Tag Archives: doctor who

Time Ladies: All 11 Doctors from Dr. Who, represented as women. Picture by Gladys @ http://rocketssurgery.tumblr.com

Time Ladies: Adorable Gender-swapped Doctor Who

So. Darned. Cute.

Time Ladies: first 6 Doctors from Doctor who, represented as women by Gladys @ http://rocketssurgery.tumblr.com

Time Ladies: Last 5 Doctors from Dr. Who, represented as women.  Picture by Gladys @ http://rocketssurgery.tumblr.com

Time Ladies: Doctors from Dr. Who, represented as women. Picture by Gladys @ http://rocketssurgery.tumblr.com

Picture via Gladys, whose artwork just took up some of my afternoon and I don’t mind a bit!

I should probably compile a post with some of the excellent gender swaps I’ve seen lately, but I know if I wait I might forget, and this is too cute risk forgetting.

So in preparation for a potential future post full of pictures… what’s the cutest gender swap you’ve seen lately?

Close-up of large weathered chain links in sunlight.

Cool Hand Linkspam (1st June 2012)

You can suggest links for future linkspams in comments here, or by using the “geekfeminism” tag on delicious or pinboard.in or the “#geekfeminism” tag on Twitter. Please note that we tend to stick to publishing recent links (from the last month or so).

Thanks to everyone who suggested links.


Featured image credit: ‘Links’ by rubybgold Ruby Gold on Flickr – Shared under Creative Commons (CC BY-NC 2.0)

steampunk-tardis-cosplay

Quick hit: new feminist Doctor Who blog!

For Doctor Who fans, a new blog has launched, Doctor Her.

Doctor Her is the brainchild of Courtney Stoker, who has also written about Doctor Who for Geek Feminism:

Doctor Her’s first post is Which Companion is the Best Feminist Role Model for my Daughters? The start of an on-going research project.

steampunk-tardis-cosplay

Re-post: Steampunk, Tech, and TARDISes: A Cosplay Tale

During the December/January slowdown, Geek Feminism is re-publishing some of our highlights from last year. This post originally appeared on July 1, 2011.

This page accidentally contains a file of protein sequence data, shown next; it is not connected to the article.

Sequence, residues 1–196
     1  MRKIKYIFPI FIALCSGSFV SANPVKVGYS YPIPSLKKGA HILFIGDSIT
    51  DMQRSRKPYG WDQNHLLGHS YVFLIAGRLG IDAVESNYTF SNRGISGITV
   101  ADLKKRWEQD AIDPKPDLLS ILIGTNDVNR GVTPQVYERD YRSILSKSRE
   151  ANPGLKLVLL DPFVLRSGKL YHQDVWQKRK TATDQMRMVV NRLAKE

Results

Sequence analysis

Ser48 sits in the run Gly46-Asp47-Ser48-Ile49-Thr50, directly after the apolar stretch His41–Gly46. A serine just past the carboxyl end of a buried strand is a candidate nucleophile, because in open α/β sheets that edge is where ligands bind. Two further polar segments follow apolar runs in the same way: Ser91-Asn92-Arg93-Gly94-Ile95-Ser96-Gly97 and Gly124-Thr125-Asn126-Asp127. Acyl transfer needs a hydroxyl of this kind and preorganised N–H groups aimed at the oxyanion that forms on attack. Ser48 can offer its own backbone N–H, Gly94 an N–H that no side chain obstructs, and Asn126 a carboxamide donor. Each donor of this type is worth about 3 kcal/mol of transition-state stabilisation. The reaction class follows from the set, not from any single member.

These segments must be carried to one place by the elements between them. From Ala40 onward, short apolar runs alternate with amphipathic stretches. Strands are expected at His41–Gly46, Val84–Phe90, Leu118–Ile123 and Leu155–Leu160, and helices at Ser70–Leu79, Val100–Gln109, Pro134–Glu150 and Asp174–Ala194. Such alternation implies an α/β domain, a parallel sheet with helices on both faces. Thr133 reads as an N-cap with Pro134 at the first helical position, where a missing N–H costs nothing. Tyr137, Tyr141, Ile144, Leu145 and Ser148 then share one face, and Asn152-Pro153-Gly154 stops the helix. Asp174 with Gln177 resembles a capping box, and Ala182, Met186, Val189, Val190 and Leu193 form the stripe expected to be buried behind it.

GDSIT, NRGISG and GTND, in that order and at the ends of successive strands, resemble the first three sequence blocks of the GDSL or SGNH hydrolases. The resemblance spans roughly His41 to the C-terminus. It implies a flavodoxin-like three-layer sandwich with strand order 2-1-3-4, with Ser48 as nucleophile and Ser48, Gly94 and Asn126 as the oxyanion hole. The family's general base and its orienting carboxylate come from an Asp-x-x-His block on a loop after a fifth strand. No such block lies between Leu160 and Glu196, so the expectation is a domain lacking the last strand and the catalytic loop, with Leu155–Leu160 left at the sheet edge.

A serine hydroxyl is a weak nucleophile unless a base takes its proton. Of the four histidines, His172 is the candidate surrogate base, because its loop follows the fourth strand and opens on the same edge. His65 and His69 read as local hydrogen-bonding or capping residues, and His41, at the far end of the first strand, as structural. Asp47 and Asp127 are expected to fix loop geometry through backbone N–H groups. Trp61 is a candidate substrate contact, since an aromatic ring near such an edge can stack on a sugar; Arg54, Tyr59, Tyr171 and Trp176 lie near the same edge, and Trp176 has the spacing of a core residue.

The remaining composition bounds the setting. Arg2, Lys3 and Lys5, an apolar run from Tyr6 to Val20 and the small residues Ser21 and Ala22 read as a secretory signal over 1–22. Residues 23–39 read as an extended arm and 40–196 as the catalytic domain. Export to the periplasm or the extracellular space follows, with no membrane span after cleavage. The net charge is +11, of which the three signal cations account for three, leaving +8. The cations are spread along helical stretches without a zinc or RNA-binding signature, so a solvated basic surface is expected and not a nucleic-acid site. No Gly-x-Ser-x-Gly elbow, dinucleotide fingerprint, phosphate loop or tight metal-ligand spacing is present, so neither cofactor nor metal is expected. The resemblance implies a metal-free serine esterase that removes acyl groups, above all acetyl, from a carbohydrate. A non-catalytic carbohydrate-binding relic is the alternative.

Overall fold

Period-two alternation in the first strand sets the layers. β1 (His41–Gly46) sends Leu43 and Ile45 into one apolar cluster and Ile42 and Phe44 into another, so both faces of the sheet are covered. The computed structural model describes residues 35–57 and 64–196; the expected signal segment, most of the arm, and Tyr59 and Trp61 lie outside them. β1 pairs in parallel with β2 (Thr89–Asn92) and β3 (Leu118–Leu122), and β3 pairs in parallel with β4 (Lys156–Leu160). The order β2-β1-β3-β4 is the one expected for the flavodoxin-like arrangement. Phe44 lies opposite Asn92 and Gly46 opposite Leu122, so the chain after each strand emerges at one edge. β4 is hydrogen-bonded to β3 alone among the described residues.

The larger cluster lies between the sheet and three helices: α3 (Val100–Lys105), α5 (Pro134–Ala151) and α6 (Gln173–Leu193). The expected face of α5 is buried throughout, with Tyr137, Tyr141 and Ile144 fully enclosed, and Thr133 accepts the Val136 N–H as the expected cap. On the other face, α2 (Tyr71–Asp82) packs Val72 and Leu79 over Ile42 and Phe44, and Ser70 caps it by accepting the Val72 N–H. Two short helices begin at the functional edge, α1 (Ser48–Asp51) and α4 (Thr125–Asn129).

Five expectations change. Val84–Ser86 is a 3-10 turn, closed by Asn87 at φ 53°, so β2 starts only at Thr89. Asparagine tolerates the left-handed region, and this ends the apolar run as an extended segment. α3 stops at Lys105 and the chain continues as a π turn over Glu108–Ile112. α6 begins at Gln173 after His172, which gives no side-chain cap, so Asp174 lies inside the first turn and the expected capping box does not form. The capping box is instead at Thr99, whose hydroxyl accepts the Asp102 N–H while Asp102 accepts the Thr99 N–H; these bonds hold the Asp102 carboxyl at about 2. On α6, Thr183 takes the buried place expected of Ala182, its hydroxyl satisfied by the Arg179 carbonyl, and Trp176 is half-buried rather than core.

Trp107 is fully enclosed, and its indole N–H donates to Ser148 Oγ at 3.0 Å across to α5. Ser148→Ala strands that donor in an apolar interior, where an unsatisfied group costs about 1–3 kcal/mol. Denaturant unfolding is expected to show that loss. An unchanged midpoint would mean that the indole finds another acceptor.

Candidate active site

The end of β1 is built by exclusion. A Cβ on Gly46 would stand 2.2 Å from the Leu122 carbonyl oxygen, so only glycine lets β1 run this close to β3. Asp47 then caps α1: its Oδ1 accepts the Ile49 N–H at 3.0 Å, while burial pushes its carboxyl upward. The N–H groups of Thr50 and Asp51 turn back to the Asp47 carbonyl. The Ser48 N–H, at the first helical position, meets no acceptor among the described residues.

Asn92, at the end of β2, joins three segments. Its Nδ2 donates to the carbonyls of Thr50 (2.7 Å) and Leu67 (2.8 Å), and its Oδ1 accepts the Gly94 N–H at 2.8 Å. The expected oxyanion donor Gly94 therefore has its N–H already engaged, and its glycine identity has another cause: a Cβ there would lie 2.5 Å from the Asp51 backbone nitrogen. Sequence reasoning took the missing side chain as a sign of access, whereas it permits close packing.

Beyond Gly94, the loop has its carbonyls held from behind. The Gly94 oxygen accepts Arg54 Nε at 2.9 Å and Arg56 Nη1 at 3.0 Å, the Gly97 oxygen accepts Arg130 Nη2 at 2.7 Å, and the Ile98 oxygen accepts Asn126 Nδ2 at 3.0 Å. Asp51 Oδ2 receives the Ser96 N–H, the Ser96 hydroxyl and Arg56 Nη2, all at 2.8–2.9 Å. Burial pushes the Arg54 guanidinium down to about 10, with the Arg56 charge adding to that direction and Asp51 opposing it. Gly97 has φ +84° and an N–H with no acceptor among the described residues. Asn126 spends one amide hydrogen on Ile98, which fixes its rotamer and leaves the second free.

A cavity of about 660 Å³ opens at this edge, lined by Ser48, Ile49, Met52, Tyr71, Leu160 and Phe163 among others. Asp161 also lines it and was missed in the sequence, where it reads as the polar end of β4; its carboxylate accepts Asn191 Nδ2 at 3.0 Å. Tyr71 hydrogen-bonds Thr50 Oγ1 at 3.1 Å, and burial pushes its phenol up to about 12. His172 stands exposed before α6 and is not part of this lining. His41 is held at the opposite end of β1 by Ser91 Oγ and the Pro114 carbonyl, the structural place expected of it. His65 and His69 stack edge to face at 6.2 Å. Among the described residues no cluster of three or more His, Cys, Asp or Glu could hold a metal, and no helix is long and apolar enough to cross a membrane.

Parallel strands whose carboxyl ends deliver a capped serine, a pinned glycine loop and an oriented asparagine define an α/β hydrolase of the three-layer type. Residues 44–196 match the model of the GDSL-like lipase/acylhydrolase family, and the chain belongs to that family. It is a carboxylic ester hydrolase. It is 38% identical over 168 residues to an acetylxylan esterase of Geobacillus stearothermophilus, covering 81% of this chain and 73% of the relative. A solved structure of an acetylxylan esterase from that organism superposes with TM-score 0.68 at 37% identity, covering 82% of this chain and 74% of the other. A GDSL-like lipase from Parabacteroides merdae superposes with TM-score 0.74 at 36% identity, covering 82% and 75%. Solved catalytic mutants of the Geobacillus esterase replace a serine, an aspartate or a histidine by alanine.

Cross-posted at From Austin to A&M.

So the idea of my cosplay project (which I have completed a big chunk of, but am putting on the shelf for a bit, so that I can mull it over in my subconscious) was pretty simple. Most people give these very simplistic answers about their motivations for their cosplay: it’s fun, it’s for the pure love of the show, it’s about hanging out with other fans, I like the character, I like the character’s costume, etc. I suspect, like most fan scholars, that something more complicated than those reasons go into cosplayers’ decision-making. So I chose a particular cosplay trend—women cosplaying as the Doctor—and tried to get beyond those reasons, both through interviewing and by “reading” the costumes. Which, of course, has all got me thinking about my own motivations and decisions in the cosplay I wore to Gally. Obviously, the premise of my project is that cosplayers don’t necessarily consciously know all the reasons they make the decisions they make in their cosplay, and I don’t consider myself an exception to that premise. In fact, I knew I wasn’t sure what it was about a steampunk TARDIS dress that held such a fascination with me. I only knew, as I told a friend at the time, that if I could dress as the TARDIS and wear a bustle at the same time, I’d be a happy lady.

Bustle time! Me in my steampunk TARDIS dress at Gally 2010. The dress consists of a white button up shirt, navy blue corset with appliqued windows, navy blue skirt with panels and a screen-printed “POLICE TELEPHONE” sign, navy blue bustle, and black headband with “POLICE PUBLIC PHONE BOX” painted in white.

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steampunk-tardis-cosplay

Steampunk, Tech, and TARDISes: A Cosplay Tale

Cross-posted at From Austin to A&M.

So the idea of my cosplay project (which I have completed a big chunk of, but am putting on the shelf for a bit, so that I can mull it over in my subconscious) was pretty simple. Most people give these very simplistic answers about their motivations for their cosplay: it’s fun, it’s for the pure love of the show, it’s about hanging out with other fans, I like the character, I like the character’s costume, etc. I suspect, like most fan scholars, that something more complicated than those reasons go into cosplayers’ decision-making. So I chose a particular cosplay trend—women cosplaying as the Doctor—and tried to get beyond those reasons, both through interviewing and by “reading” the costumes. Which, of course, has all got me thinking about my own motivations and decisions in the cosplay I wore to Gally. Obviously, the premise of my project is that cosplayers don’t necessarily consciously know all the reasons they make the decisions they make in their cosplay, and I don’t consider myself an exception to that premise. In fact, I knew I wasn’t sure what it was about a steampunk TARDIS dress that held such a fascination with me. I only knew, as I told a friend at the time, that if I could dress as the TARDIS and wear a bustle at the same time, I’d be a happy lady.